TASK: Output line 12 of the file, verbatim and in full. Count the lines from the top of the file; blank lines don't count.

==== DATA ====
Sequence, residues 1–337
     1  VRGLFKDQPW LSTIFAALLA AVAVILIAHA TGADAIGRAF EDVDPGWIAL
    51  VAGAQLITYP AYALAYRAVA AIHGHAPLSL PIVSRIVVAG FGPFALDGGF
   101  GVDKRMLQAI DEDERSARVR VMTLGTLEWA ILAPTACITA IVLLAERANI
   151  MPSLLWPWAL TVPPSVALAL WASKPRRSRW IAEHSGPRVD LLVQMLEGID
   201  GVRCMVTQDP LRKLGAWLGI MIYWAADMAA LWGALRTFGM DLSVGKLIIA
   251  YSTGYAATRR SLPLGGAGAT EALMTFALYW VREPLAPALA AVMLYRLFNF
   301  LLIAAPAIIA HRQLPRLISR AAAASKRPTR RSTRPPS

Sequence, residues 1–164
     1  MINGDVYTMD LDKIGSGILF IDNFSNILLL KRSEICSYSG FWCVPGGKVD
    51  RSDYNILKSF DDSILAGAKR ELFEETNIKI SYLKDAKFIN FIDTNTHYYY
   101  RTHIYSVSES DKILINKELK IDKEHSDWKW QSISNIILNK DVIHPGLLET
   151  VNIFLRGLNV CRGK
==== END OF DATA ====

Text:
   101  RTHIYSVSES DKILINKELK IDKEHSDWKW QSISNIILNK DVIHPGLLET